We're delighted to present an exclusive extract from Ask Again, Yes, the new novel from Irish-American author Mary Beth Keane.

Francis Gleeson and Brian Stanhope, rookie cops in the NYPD, live next door to each other outside the city. What happens behind closed doors in both houses—the loneliness of Francis's wife, Lena, and the instability of Brian’s wife, Anne, sets the stage for the explosive events to come...

And then, on the Friday of Memorial Day weekend 1975, Lena was nursing Natalie in the rocker upstairs when she looked out the window and saw a moving truck come to a stop outside. She'd just learned she was pregnant again, two months gone already, and her doctor had joked that her Irish husband had almost given her Irish twins. The realtor’s sign had been removed a few weeks earlier, and now that she thought about it, she remembered Francis saying something about the house having finally sold. Lately she felt so tired it was hard to hold a thought in her head.

She rushed down the stairs and out onto the porch with Natalie tucked into the crook of her arm. "Hello!" she called out to her new neighbors, and later, when she recounted the meeting to Francis, she said she was afraid she’d said something corny and made a bad impression. Natalie was still hungry, and was sucking on her little fist.

A blond woman in a pretty eyelet sundress was walking up the driveway carrying a lamp in each hand.

"You bought the house," Lena said. Her voice was an octave too high. "I’m Lena. We just moved here last year. Welcome! Do you need any help?"

"I’m Anne," the new neighbor said, and Lena heard traces of a brogue. "That’s Brian, my husband." She smiled politely. "How old’s the baby?"

"Six months," Lena said. Finally, on the first warm day of the year, there was a new person to admire the baby, to offer a finger for Natalie to grip. She wanted to ask a thousand questions at once. Where had they moved from, how long had they been married, what made them choose Gillam, how did they meet, what kind of music did they like, what part of Ireland was Anne from, did they want to come over for a drink later, once they’d unpacked?

Anne was very beautiful, Lena noted, but there was something else about her, too. Once, at work, when Lena was passed over for a promotion, her boss Mr. Eden had said that it was no reflection of Lena’s performance, it was just that the other woman had more presence, and the promotion would mean greeting clients. Lena had no idea what he meant but she didn’t want to seem stupid, so she accepted his explanation and went back to her desk. It was her accent, maybe. Too Brooklyn. Maybe it was her habit of fixing her hair at her desk after lunch. One time she’d gotten a strand of celery caught between her molars and for the life of her she couldn’t get it out with her tongue, so she’d jammed her finger into her mouth and coaxed it out with her fingernail.

Now she wondered if presence was the thing her new neighbor had, if it was something a person had to be born with and could never be learned.

Anne glanced over her shoulder at her husband as she put her hand flat against her own stomach, and lowered her voice. "She’ll have company in a few months."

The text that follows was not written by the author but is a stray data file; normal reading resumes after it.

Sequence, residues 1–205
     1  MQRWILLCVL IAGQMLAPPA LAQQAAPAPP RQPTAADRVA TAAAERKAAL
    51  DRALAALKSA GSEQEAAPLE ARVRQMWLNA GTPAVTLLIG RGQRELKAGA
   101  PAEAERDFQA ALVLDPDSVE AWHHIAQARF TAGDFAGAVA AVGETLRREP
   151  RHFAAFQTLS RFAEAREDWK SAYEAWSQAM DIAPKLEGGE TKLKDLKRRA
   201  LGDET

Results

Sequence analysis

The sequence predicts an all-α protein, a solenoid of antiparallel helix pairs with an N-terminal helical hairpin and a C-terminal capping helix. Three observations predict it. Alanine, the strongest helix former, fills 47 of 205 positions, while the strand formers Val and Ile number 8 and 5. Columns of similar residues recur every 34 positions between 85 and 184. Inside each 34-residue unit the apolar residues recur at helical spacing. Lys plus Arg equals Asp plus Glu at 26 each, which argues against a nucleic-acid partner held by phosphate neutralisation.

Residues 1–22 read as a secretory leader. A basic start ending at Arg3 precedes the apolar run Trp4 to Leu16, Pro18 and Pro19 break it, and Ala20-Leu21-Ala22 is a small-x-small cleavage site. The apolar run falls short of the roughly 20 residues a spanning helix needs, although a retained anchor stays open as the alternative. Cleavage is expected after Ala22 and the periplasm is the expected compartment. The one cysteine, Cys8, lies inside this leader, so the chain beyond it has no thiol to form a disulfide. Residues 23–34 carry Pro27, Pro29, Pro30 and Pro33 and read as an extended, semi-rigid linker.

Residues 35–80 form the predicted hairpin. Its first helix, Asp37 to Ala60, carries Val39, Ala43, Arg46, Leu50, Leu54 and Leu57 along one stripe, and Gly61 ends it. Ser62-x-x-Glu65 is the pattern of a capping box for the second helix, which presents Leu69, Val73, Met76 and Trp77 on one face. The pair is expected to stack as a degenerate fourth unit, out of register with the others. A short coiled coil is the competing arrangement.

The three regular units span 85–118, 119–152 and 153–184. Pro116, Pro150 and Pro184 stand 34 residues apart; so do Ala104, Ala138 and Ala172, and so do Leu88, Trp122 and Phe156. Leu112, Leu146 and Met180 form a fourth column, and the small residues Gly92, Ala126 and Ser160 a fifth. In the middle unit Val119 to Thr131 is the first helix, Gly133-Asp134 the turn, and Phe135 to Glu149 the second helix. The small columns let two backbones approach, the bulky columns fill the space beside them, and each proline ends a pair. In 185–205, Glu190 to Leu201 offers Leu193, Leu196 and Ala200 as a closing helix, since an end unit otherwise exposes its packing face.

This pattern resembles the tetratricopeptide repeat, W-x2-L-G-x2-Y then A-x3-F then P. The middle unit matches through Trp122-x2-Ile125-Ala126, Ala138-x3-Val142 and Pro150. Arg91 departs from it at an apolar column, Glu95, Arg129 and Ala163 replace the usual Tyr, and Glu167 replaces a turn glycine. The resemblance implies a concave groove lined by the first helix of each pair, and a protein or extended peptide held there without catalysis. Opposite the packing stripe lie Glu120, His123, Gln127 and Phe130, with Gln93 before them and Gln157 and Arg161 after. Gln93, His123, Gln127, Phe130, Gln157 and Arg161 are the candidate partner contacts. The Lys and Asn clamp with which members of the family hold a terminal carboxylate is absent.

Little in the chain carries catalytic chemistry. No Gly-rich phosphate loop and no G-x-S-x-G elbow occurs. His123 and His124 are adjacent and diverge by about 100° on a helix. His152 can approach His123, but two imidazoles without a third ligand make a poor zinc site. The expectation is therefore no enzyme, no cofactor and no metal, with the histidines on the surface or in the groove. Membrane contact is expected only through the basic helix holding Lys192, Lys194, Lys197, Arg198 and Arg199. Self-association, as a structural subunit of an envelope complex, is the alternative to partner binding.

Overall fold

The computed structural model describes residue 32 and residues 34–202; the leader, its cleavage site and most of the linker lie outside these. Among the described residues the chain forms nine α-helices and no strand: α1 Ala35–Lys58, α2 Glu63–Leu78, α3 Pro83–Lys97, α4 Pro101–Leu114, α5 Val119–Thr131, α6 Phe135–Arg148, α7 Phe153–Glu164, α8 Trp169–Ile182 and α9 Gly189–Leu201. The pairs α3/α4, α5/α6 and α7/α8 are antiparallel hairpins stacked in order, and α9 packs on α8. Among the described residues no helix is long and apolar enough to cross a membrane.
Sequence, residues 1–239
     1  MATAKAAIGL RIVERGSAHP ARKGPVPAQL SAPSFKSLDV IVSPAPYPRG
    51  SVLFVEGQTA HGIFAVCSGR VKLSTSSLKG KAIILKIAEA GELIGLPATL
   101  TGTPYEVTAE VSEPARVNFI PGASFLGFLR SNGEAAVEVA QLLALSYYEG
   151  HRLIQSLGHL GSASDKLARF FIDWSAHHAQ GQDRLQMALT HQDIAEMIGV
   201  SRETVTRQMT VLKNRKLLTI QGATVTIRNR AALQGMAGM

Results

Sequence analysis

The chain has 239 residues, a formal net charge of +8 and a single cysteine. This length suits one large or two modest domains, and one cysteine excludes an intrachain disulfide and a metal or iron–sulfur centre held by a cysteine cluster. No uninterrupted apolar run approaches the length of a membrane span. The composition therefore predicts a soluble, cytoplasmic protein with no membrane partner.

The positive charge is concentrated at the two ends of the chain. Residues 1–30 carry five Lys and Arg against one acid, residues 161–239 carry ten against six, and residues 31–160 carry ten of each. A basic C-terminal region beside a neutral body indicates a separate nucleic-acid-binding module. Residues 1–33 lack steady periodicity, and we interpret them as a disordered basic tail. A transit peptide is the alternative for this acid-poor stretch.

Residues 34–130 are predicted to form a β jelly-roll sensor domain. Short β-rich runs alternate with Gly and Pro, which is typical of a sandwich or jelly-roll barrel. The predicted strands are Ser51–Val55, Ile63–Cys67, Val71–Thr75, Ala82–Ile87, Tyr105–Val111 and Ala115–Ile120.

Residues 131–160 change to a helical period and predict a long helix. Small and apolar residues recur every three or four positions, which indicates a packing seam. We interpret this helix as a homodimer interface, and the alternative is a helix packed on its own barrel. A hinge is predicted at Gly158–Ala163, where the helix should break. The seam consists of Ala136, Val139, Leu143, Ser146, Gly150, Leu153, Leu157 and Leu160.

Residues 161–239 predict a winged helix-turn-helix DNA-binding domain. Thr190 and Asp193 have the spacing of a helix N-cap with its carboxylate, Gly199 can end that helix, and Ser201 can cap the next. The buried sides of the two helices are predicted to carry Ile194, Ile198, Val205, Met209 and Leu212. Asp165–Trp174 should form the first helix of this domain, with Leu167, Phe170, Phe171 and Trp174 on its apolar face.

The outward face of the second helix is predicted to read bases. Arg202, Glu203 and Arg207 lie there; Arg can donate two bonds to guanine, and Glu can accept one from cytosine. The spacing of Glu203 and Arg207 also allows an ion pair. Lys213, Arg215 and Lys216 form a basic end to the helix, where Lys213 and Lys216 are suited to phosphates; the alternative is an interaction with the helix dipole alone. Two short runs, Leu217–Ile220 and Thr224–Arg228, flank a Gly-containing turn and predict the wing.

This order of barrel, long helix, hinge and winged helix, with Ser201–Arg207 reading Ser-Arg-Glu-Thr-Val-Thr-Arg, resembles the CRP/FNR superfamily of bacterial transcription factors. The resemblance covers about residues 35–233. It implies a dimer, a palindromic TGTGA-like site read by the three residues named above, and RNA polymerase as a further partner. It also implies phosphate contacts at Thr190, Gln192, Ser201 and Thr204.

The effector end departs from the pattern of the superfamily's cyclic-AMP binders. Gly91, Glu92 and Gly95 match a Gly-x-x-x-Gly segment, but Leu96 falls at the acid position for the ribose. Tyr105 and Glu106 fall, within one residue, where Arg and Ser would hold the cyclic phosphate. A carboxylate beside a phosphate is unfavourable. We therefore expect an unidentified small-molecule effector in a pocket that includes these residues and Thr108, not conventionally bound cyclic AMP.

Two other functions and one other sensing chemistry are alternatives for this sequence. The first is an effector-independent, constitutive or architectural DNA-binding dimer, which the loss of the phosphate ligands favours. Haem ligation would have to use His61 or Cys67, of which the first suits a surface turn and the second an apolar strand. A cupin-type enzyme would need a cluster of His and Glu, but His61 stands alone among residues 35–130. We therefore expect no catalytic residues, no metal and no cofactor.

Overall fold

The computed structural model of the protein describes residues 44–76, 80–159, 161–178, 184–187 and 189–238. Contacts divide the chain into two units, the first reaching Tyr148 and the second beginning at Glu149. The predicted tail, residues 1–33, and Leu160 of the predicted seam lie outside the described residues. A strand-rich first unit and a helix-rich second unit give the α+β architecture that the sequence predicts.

"How wonderful!" Lena said.

Brian Stanhope, who had not yet said hello, was crossing the lawn behind them just then and heard what his wife said. He staggered as if he’d tripped on something, and instead of approaching the women as it seemed he was about to do, he turned sharply and kept unloading the truck. Lena asked Anne if she felt tired, if she’d been sick. It was all normal, she said. Every pregnancy is different. Keeping crackers by her bed might help. If she ever let herself get hungry, she’d end up feeling sick all day. Anne nodded but the advice seemed to slide right by her, and she didn’t seem to want to discuss it with Brian listening. Lena remembered that she hadn’t heeded much advice either. Every woman learns on the job.

Eventually, Brian came over to them. "I work with Francis," he said. "Well, I used to. Until a few weeks ago I was in the Four-One."

"You’re kidding," Lena said. "What a coincidence!"

"Not really," Brian said, grinning. "He’s the one who told me about the house. He didn’t say?"

Later, when Francis got home, she wanted to know why he hadn’t told her they were coming. She could have made a welcome party, had food ready. But he had told her, he insisted. He said the house sold, she said, but not that it sold to his friend.

"Well, I don’t know about friend," Francis said.

"You work with him. You eat meals with him. You’ve known him since academy. Weren’t you partners for a while? He’s your friend," Lena said.

"I’m sorry," Francis said. "I forgot. He got transferred. I haven’t seen him in a few weeks." He pulled her to his chest. "What’s the wife like? They lost a baby, did I tell you that? A stillborn, I think. Probably going on two years ago now."

Lena gasped and thought of Natalie’s warm belly rising and falling in her crib upstairs. "How awful." She recalled with horror the advice she’d offered, how silently Anne had taken it.

Ask Again, Yes by Mary Beth Keane (Penguin) is out now.